Films are interpretations that focus on certain aspects while glossing over others. Remembering, so that we can forget.
Films can engage in a spirit of reconciliation to smooth over things. So, even though films can help a viewer experience history, their reconstruction of the past can be narrow and heavy with interpretation. Accordingly, films should be taken with a grain of salt because history is a contested space; thus, resulting in films competing as dissenting versions. As such, Dr. Moreira described film adaptations as misleading translations since they’re not as restricted and influential due to the numerous studies today show that violent media impacts young minds.
Too often, Society takes the film as truth. The consequences? Effectual. We may learn a lesson, then move on to never think of it again. We may regard the film as truth, subsequently failing to see how injustices are being repeated, etc. These are only some consequences for the individual level. For society, a film can brainwash minds en masse.
Four Days in September was one of several movies in Brazilian Cinema about the Military Dictatorship. The movie plot was to portray young idealists carrying out an act of terrorism as being their only voice to their dreams given the conditions (military regime in control). It was critiqued for having too long and explicit torture scenes as well as depictions that supposedly suggested sexual relations, a scene was suppressed from the film.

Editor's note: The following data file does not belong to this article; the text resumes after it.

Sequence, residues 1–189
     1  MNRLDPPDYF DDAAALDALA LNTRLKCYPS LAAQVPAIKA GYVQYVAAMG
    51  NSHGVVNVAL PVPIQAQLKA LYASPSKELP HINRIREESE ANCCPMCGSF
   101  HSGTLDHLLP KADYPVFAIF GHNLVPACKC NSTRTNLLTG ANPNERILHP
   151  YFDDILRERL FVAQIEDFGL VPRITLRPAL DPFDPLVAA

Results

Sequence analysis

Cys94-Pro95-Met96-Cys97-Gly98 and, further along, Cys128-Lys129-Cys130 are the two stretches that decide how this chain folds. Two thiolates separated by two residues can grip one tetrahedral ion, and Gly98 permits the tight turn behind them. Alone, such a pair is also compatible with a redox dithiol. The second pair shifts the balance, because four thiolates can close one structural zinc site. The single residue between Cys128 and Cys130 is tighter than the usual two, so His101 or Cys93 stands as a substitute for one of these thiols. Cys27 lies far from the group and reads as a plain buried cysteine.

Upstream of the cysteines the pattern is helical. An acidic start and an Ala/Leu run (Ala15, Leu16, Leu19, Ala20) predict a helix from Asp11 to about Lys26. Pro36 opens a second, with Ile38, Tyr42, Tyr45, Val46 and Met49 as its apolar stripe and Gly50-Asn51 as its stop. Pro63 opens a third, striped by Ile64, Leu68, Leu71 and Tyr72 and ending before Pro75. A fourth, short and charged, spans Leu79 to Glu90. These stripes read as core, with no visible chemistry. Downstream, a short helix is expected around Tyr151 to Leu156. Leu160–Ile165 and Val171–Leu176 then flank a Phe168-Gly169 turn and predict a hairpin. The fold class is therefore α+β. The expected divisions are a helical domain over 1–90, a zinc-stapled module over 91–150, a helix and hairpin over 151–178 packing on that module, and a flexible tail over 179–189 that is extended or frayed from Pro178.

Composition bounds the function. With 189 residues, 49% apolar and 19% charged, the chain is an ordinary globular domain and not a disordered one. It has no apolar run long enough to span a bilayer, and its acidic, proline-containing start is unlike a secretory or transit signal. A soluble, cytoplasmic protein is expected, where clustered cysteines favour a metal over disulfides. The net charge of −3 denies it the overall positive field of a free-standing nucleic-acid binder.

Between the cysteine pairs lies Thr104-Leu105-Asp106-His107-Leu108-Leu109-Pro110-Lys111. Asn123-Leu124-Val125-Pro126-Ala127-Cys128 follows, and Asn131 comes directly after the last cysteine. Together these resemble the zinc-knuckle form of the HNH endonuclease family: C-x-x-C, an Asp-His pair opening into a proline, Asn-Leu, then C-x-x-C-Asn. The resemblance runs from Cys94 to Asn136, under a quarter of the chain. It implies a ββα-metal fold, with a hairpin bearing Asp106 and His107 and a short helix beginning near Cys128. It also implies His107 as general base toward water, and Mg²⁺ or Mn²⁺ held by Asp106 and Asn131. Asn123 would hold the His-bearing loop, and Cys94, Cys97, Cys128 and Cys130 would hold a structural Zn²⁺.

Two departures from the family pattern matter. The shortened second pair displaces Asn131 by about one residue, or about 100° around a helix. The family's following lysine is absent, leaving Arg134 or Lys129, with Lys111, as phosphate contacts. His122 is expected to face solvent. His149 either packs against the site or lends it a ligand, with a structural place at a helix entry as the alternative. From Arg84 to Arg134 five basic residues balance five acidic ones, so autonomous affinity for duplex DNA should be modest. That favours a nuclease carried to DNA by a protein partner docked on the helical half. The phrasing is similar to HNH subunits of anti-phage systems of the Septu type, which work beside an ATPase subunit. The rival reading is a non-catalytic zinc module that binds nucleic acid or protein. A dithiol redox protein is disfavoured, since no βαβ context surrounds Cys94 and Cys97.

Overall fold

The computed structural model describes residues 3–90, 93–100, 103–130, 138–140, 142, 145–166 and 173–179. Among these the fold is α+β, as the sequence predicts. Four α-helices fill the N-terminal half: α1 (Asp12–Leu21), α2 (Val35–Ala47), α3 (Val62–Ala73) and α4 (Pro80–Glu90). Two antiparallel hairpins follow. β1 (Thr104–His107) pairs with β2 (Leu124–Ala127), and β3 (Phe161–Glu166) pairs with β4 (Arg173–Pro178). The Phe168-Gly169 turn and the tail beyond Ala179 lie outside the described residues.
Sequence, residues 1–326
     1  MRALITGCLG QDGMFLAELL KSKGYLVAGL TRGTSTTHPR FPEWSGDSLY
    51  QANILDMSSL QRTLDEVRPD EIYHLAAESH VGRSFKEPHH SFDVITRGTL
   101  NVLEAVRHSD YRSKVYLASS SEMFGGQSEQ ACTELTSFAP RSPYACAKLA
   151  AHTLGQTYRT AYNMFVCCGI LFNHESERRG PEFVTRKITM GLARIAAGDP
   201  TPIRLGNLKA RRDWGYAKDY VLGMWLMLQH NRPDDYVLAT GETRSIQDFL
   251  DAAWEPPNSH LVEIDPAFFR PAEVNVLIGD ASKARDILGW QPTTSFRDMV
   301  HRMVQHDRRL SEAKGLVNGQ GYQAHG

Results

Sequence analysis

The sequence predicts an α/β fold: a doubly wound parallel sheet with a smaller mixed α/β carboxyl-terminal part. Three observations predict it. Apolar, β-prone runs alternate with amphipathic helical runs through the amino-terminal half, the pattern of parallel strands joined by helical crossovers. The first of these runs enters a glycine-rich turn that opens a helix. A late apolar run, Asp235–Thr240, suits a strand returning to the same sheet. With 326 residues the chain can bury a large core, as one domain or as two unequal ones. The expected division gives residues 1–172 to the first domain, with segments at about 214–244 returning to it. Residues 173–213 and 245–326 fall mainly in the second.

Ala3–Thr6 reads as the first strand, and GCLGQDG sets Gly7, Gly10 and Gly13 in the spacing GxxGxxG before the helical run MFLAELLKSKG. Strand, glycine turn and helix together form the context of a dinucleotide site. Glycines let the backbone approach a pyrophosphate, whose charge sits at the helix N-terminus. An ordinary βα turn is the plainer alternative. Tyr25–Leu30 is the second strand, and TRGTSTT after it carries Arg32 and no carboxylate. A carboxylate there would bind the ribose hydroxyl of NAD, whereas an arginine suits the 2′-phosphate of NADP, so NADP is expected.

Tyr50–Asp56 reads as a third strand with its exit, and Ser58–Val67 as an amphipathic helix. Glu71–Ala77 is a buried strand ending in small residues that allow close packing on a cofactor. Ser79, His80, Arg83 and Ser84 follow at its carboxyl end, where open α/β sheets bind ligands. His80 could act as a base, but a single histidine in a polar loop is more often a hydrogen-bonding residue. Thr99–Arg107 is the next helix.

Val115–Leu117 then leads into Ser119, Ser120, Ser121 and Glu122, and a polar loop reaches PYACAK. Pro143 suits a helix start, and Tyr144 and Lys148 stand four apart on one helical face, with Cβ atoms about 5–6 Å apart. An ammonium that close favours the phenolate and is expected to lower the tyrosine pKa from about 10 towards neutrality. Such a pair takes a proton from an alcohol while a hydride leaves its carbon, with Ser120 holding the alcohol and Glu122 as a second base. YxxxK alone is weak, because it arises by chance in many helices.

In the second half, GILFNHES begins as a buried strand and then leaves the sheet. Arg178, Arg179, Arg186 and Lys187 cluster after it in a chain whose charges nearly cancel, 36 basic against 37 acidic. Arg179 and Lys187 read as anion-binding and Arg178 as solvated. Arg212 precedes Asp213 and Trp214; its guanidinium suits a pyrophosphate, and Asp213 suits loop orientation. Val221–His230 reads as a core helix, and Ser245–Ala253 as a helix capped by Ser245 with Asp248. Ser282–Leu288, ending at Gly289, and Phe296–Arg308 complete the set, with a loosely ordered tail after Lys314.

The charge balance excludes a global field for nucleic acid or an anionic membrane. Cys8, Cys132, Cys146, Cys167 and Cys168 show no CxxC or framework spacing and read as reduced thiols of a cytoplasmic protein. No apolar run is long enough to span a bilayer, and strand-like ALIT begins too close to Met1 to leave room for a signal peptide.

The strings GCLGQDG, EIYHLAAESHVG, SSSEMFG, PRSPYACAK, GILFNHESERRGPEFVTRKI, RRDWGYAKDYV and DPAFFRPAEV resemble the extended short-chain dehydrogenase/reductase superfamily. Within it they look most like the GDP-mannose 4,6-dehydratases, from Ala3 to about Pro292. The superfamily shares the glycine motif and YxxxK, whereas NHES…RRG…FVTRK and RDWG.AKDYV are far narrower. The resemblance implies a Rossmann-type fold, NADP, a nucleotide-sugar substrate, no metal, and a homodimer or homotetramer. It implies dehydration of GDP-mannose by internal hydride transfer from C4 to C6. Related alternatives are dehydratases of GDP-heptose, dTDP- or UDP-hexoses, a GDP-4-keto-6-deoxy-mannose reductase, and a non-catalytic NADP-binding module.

The role of compulsive memory that applies to Four Days in September is that many Brazilians would rather forget the strict censorship from the 1970s to 1980s and the violent past of the military dictatorship. However, films such as these memorialize to inform/influence new generations who were too young to remember and provide an insight into the people who resisted the dictatorship.
“Compulsive Memory: Contemporary Brazilian Cinema and the Military Dictatorship” -Dr. Paulo Moreira